The real Arcadia was a harsh and mountainous region in southern Greece. Artists, writers and philosophers over 2000 years transformed it to represent a quasi-mythical realm where a simple life of song, beauty and harmony is interwoven with decay and death.
The installation consisted of layered veils of words to construct magnificent corrugated fans and hanging scrolls. The works were layered and interwoven with text by Fanny Macleay - the naturalist daughter of Alexander Macleay, who built Elizabeth Bay House, and cultural historian Paul Carter. The words were stretched, scrambled and streaked to near illegibility.
Pip Stokes distorted, scrolled, folded and knotted the components of tracing paper, tissue paper, silk thread, antique pleated paper, transparent film, tassels, emu, parrot and other antipodean bird feathers to form Reading Arcadia.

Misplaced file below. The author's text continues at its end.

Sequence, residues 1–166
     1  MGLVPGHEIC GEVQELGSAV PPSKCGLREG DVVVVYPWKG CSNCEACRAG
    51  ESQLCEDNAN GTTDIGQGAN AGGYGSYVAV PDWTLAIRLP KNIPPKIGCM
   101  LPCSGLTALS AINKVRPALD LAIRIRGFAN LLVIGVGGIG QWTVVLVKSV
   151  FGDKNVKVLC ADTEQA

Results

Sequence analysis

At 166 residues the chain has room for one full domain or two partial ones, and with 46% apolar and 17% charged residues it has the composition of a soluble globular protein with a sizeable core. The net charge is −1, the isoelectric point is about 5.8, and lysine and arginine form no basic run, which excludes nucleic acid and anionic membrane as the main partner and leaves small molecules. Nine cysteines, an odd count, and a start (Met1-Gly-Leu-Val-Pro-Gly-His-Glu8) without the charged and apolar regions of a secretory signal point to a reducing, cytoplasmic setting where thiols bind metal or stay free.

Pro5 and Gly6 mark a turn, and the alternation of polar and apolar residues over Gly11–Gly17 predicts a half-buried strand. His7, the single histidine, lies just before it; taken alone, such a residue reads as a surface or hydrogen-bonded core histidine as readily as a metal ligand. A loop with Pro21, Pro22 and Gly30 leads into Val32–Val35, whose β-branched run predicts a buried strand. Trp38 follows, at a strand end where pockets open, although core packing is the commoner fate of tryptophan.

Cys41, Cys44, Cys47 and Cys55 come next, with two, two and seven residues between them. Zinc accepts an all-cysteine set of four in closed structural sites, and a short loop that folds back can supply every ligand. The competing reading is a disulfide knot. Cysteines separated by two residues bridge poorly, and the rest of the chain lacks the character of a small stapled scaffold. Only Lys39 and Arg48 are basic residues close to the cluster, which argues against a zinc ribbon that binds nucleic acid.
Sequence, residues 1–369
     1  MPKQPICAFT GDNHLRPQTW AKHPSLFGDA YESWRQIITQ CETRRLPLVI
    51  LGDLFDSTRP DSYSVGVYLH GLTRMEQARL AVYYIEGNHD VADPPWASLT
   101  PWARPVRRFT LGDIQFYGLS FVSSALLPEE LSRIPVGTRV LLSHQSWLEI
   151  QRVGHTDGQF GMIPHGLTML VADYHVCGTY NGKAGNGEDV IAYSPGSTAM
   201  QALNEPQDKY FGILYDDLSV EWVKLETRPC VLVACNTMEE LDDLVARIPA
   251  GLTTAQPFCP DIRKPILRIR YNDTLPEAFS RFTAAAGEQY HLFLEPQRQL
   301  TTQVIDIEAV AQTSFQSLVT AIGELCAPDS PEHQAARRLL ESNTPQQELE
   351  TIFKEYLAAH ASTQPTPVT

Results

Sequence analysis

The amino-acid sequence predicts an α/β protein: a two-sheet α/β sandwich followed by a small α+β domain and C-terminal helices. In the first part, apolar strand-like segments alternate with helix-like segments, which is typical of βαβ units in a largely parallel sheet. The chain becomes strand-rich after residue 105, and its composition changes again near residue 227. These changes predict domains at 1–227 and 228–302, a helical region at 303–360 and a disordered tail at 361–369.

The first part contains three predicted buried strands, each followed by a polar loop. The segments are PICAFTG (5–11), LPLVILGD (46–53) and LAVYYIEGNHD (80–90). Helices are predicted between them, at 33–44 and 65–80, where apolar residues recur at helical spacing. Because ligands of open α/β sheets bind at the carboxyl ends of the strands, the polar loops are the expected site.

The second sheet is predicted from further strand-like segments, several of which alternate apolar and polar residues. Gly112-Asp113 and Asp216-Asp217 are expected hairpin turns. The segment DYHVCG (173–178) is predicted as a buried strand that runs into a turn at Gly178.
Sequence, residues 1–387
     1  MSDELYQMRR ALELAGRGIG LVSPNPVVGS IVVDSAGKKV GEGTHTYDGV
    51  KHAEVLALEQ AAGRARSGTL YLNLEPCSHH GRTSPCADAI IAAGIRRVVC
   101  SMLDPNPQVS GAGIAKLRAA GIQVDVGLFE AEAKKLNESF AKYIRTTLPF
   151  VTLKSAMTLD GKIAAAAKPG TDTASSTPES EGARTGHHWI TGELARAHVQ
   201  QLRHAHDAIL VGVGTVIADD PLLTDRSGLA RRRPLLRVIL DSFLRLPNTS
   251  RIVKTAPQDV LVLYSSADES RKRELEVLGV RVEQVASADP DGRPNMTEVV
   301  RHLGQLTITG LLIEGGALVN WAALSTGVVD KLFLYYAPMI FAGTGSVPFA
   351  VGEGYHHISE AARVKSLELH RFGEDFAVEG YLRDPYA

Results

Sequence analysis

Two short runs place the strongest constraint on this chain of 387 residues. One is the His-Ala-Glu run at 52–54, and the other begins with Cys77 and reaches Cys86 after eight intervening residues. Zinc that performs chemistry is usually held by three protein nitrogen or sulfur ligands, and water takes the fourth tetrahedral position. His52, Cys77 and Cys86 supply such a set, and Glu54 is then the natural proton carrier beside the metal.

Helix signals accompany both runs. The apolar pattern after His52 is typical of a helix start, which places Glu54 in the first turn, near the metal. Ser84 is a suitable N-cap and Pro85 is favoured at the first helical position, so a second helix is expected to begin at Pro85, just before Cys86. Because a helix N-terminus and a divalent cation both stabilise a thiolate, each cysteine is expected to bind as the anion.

One of her works, Twin Arcadian Fans, was made from silk, tracing paper and gold leaf, with a detail from a painting by the French artist Watteau folded mysteriously into its centre - but, said Pip Stokes, ’you have to look very hard to see it.’ Another fan, Fanny’s Hortus Pictus, took the colonial woman’s botanical art and letters and collaged them with silk thread and beeswax.
Other work on show included The Metamorphosis of Fanny Macleay - a hanging ’dress’ of twigs and pleated paper inscribed with the flowing text of her letters and bejewelled with the butterflies that so fascinated her.
Stokes, who has had 10 solo exhibitions since 1981, is fascinated with botanical forms and the way those forms have been interpreted in scientific, historical and artistic imagery since the 18th and 19th centuries.
Elizabeth Bay House was the ideal place in which to display Pip Stokes’s work’, said Acting Curator Scott Hill. The passion for the natural world that we see in Fanny Macleay’s letters, and the hopeful vision of an Arcadian world held by so many colonists, were sensitively evoked in the diverse elements and complex layers of Stokes’s creations.